The remedy and exacerbation posed by America's Asia to the crisis of the closing of the frontier entwined the emergence of Asiatic racial form with the intensification of commodity relations and capital's global expansion. The legal designation of Asian immigrants as "aliens ineligible to citizenship" reflected the freighting of Asiatic racial form with an abiding tension between U.S. national interests and capital's transnational movement, between the exceptionalist dream of the identity of nation and capital logic and the nightmare of their nonidentity. (8, 9)
Lye's focus on the "initial textual presence of Asiatic racial form as an economic trope" (11) and argument that late-19th- and early-20th-century Americans displaced their anxieties over capitalism and globalization onto Asians of their own imagining is entirely relevant to our own time, when the LPGA has been featured more in the business section than the sports section, when Americans and Europeans on tour are individualized and "the Koreans" are generally treated en masse and as a mass, and when the presence of Asians on the LPGA is sensationalized either as nightmare or dream. Lye again:
To the extent that American universality depends upon the possibility of assimilation, there is always the danger of finding aliens in our midst, or the wholesale possibility of American takeover by aliens....
In a fifty-year period, a vision of California as a post-frontier about to be engulfed by coolie hordes and Oriental despotism is succeeded by visions of a Pacific Rim utopia, where the local and the global could be made happily coextensive. (8, 11)
The Bivens regime spent too much time worrying about the former, while the Whan regime is working to make the latter a reality. Here's a suggestion: helping American media and fans get to know Asian players as individuals is only part of the solution. (A big part, to be sure, as the closest the lazy American media has come up with anything interesting thus for for Miyazato is that she's a "rock star" in Japan who at first "lost her confidence" on coming to America.) Encouraging American fans and media to embrace globalization is also only part of the solution. (Although highlighting more cross-continent friendships among the players as well as the economic benefits to the tour and its sponsors of exposure in Asia, as well as in Europe and America, wouldn't be a bad idea.) The task is much larger than that: defusing American anxieties that capitalism may be passing them by and that Americans can no longer succeed against global competition and trying to interrupt the historical short-circuit that makes American images of Asia and Asians a symbol for economic transformation. They already realize this can't be done simply by massively promoting American stars (and thus adding to the media and fan pressure on them).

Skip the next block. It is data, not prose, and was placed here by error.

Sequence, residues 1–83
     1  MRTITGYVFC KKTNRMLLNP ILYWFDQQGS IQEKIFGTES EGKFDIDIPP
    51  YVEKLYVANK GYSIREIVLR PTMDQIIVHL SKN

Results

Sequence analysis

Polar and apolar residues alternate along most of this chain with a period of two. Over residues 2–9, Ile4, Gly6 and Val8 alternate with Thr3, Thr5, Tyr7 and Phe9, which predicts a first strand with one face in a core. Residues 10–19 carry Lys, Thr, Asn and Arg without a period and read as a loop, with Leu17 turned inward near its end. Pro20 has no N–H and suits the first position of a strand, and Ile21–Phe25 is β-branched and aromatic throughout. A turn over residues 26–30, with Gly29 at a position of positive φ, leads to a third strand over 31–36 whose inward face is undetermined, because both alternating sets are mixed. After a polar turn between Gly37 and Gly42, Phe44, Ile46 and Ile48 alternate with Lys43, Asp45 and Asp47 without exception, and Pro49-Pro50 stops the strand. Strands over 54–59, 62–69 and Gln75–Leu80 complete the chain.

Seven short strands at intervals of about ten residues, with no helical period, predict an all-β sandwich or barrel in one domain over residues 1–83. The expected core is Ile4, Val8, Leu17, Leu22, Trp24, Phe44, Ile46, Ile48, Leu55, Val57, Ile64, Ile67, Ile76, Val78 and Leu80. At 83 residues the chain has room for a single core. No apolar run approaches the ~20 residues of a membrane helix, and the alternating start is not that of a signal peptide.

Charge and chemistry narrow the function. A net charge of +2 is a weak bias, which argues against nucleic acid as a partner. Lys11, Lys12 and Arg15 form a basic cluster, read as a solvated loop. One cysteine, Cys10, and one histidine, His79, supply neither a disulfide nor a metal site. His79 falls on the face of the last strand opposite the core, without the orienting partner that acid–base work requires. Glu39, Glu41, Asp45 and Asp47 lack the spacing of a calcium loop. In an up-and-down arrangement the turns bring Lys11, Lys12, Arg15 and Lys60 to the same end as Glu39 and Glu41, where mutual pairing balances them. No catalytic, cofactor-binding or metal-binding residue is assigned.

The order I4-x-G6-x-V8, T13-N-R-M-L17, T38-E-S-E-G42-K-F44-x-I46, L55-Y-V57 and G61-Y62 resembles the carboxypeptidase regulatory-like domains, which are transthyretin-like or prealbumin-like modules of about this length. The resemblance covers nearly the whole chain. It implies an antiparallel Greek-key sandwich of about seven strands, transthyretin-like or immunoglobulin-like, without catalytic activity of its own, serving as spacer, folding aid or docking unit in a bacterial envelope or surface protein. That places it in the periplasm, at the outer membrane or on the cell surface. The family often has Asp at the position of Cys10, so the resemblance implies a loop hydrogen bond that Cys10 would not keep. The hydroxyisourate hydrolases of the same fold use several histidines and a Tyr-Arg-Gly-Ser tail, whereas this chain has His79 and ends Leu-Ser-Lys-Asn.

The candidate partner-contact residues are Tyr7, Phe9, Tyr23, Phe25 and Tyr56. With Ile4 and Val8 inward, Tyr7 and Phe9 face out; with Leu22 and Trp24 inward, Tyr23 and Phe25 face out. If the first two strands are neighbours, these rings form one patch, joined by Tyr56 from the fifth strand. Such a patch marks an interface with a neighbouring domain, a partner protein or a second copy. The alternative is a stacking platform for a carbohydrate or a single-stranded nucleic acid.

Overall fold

One small start might be pairing Americans of Asian descent with their lesser-known counterparts who were born in Asia--and this could extend more generally between Asian and non-Asian players. The Lorena Ochoa-Ai Miyazato connection has already been established; Suzann Pettersen and Ya Ni Tseng could become a regular pairing, as could Cristie Kerr and Song-Hee Kim, Angela Stanford and Sun Young Yoo, Michelle Wie and Ji-Yai Shin, Paula Creamer (when she's healthy) and In-Kyung Kim, Karrie Webb and Amy Yang, Vicky Hurst and Momoko Ueda, Christina Kim and Jee Young Lee, Jane Park and Na Yeon Choi, Morgan Pressel and Eun-Hee Ji, Mina Harigae and Mika Miyazato, and so on. The point is to put players who combine in interesting ways together on a fairly regular basis, either by game, level of accomplishment or promise, or personality/style. Having tv commentators, golf journalists, and everyday fans on the course and in front of their tv sets getting used to seeing Asians and non-Asians showcasing their games and interacting without the world coming to an end could add up to one giant leap for America.
[Update 1 (3/9/10, 5:21 am): The new Titleist commercial is up on LPGA.com--oh, wait, wrong one....]
[Update 2 (5:33 am): This is not the one I saw during the HSBC--a lot more Asians on that one!
Anyone know where I can find the one aired during the Asian swing?]
[Update 3 (3/10/10, 3:00 am): Here's Stephanie Wei on Momoko Ueda--it's the latest installment in her Know Your Asians feature.]